Three choice branching - view all required

I'm stymied. I'd like the user to see three choices which he may select in any order, but he must view all three before advancing to the next content. Is the only way to construct this by making 15 (more or less) different slides? ABC choice, A chosen first, C chosen second, B chosen third; B chosen second; C chosen third; B chosen first, etc. While generating the backgrounds and buttons is quick, all that linking gets confusing and tedious.

3 Replies
Jeanette Brooks

Hi Fred,

Yeah, that can definitely be labor intensive. Unfortunately there really isn't a logic-based feature in PowerPoint/Presenter that allows you to prevent a learner from proceeding till they've seen all the branches. However, a different approach that might help you create your content a lot quicker is to use an Articulate Engage interaction for the branched content, instead of creating several PowerPoint slides for your branches. When you insert an interaction as a slide into a course, you can set the properties so that users may view the segments in any order, but also stipulate that they must view all segments of the interaction before they can proceed past the interaction to the next slide. A lot of developers like the Tabs Interaction for this - maybe that would work well for your situation too.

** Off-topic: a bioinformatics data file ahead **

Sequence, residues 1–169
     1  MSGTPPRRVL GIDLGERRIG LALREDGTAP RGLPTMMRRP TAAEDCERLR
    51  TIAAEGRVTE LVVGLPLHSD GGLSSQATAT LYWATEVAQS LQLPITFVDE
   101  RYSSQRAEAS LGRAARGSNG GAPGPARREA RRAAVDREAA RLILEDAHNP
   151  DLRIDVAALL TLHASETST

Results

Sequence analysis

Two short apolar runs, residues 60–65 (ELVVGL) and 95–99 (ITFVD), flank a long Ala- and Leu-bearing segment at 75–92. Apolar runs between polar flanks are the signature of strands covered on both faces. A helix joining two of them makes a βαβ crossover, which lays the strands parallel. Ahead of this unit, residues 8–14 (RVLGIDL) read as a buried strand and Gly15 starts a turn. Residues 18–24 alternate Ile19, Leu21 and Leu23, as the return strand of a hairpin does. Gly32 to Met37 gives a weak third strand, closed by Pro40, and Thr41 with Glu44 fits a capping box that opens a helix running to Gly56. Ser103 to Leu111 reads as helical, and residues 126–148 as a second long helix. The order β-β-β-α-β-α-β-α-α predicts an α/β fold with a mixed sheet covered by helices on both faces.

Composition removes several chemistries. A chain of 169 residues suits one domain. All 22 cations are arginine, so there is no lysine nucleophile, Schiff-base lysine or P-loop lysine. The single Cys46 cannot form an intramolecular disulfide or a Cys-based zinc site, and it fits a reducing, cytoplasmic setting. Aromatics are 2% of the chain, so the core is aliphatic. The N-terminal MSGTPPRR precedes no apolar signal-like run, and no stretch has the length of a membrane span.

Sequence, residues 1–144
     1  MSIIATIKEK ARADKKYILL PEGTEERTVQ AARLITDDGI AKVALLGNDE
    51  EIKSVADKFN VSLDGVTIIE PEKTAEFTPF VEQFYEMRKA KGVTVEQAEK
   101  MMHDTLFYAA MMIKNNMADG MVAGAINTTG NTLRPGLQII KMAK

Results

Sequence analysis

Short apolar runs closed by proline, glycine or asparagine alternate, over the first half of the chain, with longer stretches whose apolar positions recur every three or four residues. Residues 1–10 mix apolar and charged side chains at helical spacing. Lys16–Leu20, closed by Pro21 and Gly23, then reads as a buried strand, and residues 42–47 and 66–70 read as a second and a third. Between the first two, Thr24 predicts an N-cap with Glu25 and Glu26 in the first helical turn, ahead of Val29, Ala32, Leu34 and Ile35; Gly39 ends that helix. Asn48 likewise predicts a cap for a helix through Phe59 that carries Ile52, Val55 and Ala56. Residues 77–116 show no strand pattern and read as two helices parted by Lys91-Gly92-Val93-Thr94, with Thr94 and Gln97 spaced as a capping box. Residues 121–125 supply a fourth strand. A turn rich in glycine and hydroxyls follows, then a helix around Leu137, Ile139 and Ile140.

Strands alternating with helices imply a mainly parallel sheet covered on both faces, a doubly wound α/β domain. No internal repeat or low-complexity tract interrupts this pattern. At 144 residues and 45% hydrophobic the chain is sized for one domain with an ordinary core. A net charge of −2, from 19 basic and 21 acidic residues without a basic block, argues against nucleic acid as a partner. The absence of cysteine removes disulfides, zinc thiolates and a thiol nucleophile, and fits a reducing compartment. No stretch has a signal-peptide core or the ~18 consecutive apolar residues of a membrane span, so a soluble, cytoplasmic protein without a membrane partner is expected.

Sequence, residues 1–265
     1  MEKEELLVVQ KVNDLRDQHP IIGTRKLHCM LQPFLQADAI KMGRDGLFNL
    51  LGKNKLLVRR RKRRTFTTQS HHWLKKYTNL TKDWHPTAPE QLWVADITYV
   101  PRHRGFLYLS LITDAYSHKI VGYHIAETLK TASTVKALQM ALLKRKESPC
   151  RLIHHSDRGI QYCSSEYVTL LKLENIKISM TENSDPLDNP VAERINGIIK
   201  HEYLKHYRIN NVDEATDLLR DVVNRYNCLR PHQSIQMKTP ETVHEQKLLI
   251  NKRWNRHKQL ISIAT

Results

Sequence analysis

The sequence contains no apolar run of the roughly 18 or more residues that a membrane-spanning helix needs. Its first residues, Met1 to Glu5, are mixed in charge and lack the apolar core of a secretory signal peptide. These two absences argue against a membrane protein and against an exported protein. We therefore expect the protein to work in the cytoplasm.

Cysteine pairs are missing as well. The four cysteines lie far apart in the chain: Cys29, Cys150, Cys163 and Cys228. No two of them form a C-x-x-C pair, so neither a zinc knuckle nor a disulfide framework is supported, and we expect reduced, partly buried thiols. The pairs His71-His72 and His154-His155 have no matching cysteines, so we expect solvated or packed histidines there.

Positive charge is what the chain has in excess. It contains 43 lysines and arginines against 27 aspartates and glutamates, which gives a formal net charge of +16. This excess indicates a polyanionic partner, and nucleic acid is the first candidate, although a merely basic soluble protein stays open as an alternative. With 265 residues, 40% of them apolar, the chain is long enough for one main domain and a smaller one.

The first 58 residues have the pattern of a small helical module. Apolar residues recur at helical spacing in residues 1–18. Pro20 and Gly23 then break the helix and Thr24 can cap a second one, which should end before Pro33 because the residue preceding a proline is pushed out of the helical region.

Phil Mayor

Hi Fred

We have in the past built a swf that uses flash variable based on information from JAmes Kingleys blog.

We built a swf that had invisible hyperlinks to each slide that ticked the option once viewed. Once all three were viewed the continue button became visible

Sorry I cannot share our solution (posibly in the future) but James points you in the right direction


Kathleen Harper

Fred, we've done similar things recently but had to use Captivate to do it. Articulate "plays nicely" with Captivate but you have to have the interaction set up a certain way in Captivate and insert it a particular way in Articulate. I can elaborate further if you want but since this is an Articulate forum if it's better to take it to e-mail I can do that too...

Anyway,  I've inserted a picture showing how the Captivate interaction we did looks. It's a little more complex than what you described - four tabs with two questions in each branch plus feedback and support - ... and it sounds like you could accomplish what you're talking about with your desired fifteen slides.

- Kathleen